President Obama starts his day getting dressed like everyone else, one pant leg at a time. So it goes with the history of transportation in Washington D.C. With few notable exceptions, our nation’s Capital has followed similar growth trends throughout history as several other cities in the US.
Washington D.C. was established by congress in 1790 and designed from scratch by architect Charles L’Enfant. L’Enfant laid the groundwork for the grand vision of an egalitarian metropolis rising out of the rural landscape. All city streets were separated into four quadrants and were oriented around, and progress from the Capitol building.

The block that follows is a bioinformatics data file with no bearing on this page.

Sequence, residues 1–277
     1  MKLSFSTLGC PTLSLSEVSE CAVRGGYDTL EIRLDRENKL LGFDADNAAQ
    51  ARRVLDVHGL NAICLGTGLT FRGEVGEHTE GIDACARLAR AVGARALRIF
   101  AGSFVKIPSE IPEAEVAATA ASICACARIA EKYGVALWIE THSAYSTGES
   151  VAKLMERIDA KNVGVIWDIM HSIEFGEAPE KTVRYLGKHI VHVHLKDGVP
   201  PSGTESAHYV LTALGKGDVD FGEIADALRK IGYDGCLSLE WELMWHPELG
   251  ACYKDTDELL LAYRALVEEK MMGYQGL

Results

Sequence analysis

D.C.’s first electric streetcar was introduced 1862 and lasted until 1962. Like many other cities during the 60’s D.C. switched from streetcars to buses. Streetcars have been reintroduced to the transit system in later this year with lines along H Street NE and through Anacostia.
The majority of transit in D.C. is now supported by Metrobus and Metrorail providing over 341 million annual trips. D.C.'s first transit subway system was introduced in 1969 and opened in 1976.
The Capital Beltway began construction in 1957 after the Federal Aid Highway Act of 1956. The Beltway consists of 63.8 miles and has grown in capacity from 80,000 to over 200,000 vehicles per day.
The nation’s Capital is one of the first cities to introduce bike sharing with the launch of Capital Bike Share in September of 2010. Three months later, it has proven it’s success with over 48,000 trips in the cold of winter.